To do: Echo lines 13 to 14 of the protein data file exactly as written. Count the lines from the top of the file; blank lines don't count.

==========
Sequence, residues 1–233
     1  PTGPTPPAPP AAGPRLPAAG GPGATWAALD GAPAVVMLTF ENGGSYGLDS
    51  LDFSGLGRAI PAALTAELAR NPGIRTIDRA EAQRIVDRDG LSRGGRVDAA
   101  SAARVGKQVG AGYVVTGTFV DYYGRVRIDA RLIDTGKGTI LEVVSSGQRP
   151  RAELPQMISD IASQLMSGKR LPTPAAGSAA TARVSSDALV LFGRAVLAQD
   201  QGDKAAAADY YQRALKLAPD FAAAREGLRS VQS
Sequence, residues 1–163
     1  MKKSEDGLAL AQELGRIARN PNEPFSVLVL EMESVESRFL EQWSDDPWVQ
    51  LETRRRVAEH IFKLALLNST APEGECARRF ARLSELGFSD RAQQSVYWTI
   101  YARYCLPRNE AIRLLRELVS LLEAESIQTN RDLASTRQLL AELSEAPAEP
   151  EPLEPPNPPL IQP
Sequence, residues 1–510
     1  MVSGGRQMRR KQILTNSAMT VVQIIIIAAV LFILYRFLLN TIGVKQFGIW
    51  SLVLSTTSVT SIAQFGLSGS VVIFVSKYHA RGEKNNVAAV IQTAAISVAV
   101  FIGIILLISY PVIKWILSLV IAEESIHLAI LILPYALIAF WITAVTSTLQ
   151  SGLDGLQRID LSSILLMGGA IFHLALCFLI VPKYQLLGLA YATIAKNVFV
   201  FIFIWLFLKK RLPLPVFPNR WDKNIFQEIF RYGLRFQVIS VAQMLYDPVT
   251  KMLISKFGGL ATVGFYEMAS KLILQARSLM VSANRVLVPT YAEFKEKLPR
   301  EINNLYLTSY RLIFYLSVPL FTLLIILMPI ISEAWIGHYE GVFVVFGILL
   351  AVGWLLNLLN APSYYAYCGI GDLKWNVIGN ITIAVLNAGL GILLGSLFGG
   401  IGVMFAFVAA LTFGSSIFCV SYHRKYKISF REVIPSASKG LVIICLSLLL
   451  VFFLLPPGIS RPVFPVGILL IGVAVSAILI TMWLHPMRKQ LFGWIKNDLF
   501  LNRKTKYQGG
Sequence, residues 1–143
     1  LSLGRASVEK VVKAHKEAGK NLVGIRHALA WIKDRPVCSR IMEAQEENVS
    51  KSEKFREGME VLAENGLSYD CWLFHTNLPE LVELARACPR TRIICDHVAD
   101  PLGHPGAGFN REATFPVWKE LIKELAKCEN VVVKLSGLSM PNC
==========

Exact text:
     1  MVSGGRQMRR KQILTNSAMT VVQIIIIAAV LFILYRFLLN TIGVKQFGIW
    51  SLVLSTTSVT SIAQFGLSGS VVIFVSKYHA RGEKNNVAAV IQTAAISVAV